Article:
The one area where Wealthfront's service falls short is the lack of guidance from human financial planners. Wealthfront certainly has an excellent assortment of financial planning tools that clients can use, but one thing it lacks is financial advice from a person.
Pricing and fees
The two main costs investors should be aware of before signing up with a robo-advisor are the account management fee and the investment fees. The account management fee is paid to the brokerage for their services. The investment fees are charged by the underlying investment funds that make up your portfolio. Your total (all-in) cost is the combination of these two fees.
|Account management fee||0.25%|
|Investment fund fees||0.06% - 0.13%|
|All-in fees||0.31% - 0.38%|
|Other account charges||None|
Customer service and support
There are two types of support that clients of a robo-advisor might need -- investment advice from a human being and help with technical issues. So let's see how Wealthfront does in both areas:
As far as human financial advisors go, this is one of the biggest drawbacks of the platform. Unlike several of its competitors, Wealthfront does not give its customers access to real-live financial advisors.
However, when it comes to technical support for account issues, Wealthfront has phone support available from 10 a.m. to 8 p.m. EST on weekdays, as well as support by email.
Alternatives to consider
Wealthfront is just one of many excellent robo-advisors, and while it does check a lot of boxes, it's still a good idea to shop around before deciding.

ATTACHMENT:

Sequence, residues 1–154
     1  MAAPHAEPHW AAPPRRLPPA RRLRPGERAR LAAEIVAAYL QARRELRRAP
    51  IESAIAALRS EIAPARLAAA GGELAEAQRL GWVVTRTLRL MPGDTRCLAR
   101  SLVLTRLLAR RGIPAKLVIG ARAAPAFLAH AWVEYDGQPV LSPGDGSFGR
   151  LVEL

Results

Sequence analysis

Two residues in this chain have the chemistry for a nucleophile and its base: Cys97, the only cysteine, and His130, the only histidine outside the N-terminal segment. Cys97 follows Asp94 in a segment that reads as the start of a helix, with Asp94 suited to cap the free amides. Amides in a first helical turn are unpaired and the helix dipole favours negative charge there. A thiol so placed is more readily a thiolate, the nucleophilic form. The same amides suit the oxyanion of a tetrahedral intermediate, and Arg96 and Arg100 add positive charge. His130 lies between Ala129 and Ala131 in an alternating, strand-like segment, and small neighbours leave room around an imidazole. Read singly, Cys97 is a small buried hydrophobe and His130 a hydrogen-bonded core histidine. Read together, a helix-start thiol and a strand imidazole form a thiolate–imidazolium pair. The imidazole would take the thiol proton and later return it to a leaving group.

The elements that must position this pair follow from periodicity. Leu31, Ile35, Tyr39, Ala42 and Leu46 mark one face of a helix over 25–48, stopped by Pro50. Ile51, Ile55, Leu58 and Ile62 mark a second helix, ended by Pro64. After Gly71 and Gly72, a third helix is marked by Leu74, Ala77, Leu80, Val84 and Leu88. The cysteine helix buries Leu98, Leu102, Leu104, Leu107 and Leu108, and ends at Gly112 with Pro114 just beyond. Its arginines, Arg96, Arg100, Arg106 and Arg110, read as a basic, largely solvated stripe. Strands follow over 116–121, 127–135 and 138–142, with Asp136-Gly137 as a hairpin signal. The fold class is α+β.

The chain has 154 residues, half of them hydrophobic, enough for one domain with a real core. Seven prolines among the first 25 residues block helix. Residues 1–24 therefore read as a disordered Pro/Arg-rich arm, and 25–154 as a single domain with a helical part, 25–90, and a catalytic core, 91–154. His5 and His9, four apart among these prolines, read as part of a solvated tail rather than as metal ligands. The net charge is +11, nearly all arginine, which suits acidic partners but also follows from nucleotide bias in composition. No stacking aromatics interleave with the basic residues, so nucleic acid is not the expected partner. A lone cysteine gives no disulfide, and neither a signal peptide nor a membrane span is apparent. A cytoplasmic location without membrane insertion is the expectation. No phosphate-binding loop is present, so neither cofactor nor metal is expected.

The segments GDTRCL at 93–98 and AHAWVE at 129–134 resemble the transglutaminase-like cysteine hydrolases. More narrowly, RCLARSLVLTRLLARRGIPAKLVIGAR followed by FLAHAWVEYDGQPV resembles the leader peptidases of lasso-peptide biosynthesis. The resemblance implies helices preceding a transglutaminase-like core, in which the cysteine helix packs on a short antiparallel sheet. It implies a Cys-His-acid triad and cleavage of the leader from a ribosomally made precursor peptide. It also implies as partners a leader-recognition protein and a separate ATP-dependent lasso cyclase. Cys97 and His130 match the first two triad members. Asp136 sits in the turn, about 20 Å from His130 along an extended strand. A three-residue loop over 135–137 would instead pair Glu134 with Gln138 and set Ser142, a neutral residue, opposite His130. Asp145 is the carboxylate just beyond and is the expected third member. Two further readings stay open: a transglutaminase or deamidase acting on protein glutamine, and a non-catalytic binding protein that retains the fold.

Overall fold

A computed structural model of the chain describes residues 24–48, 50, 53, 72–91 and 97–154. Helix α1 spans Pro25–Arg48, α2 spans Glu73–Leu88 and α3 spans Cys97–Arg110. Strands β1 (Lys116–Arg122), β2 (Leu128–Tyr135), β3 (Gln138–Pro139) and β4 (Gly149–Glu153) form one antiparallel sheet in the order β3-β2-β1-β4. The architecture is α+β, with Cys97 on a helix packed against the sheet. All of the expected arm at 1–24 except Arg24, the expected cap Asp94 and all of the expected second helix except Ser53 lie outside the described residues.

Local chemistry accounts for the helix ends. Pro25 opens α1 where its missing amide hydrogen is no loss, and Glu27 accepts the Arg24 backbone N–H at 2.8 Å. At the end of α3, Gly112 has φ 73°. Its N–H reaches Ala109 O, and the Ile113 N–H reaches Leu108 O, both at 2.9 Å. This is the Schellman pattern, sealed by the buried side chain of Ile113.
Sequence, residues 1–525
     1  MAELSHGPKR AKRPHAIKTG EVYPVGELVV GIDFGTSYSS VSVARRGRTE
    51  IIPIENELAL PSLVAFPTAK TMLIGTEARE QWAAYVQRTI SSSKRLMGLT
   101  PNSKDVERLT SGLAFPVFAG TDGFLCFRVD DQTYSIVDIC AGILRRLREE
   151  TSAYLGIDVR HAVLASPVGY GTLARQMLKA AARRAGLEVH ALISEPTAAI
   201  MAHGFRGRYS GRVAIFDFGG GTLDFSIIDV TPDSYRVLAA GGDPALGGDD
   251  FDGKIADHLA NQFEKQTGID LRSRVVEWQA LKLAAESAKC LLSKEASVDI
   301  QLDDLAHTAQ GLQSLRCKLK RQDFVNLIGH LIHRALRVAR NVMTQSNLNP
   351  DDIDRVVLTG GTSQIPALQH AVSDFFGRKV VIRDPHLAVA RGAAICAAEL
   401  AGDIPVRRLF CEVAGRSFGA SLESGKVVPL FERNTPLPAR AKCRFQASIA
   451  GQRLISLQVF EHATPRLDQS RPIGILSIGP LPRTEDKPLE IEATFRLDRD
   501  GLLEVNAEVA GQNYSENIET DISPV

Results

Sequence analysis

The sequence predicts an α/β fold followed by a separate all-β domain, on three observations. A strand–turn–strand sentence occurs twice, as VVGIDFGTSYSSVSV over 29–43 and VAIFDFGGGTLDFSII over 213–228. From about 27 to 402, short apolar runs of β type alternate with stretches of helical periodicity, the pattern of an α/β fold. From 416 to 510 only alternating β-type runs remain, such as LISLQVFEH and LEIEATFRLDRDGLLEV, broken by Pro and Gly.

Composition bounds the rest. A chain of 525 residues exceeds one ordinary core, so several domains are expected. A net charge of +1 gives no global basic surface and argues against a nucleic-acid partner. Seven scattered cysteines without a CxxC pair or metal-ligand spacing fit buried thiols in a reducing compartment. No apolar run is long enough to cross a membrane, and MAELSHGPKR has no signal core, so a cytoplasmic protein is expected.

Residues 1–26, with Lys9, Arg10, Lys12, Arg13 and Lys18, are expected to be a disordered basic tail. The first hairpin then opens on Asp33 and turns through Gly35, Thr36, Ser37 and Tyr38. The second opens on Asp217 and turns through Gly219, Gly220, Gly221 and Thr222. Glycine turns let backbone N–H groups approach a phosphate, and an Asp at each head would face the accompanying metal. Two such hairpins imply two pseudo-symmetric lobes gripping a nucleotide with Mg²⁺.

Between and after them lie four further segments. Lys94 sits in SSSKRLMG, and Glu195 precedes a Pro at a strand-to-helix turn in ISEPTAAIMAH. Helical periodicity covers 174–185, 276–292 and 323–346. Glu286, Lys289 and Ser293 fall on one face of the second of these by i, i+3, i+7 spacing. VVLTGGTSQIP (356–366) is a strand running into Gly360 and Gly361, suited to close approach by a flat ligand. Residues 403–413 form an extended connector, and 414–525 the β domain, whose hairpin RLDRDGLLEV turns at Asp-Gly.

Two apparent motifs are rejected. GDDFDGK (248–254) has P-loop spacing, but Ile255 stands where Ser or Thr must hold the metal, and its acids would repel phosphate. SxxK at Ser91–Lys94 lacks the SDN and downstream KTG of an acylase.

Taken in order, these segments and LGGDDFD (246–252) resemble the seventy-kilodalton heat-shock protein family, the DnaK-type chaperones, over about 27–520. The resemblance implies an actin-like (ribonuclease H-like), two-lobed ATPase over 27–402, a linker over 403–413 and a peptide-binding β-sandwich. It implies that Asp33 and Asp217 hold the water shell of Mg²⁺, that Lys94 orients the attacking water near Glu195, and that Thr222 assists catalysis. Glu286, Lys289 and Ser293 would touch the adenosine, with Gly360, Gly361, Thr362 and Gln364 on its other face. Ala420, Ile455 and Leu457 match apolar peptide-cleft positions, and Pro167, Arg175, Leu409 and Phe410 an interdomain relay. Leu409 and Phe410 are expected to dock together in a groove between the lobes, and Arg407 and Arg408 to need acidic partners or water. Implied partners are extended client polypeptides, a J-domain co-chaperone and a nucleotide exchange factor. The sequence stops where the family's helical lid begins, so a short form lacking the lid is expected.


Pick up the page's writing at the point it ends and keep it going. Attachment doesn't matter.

If you have at least $5,000 to invest, one alternative you might want to look at is Schwab Intelligent Portfolios®. It offers many of the same benefits as Wealthfront, but with no account management fee. The only cost is the fees of the underlying investment funds, which are typically very low.
|Feature||Wealthfront||Schwab Intelligent Portfolios|
|Access to Financial Advisors||No||No|
Wealthfront is right for you if:
- You have at least $500 to invest.
- You have a large account balance or are in a high tax bracket, as tax-loss harvesting can result in significant savings.
- You aren't concerned with access to human financial planners.
- You want the ability to borrow money against your account's value if you need to.
- You want to open an individual or joint brokerage account, an IRA, or a trust.
- You want to open a 529 college savings plan.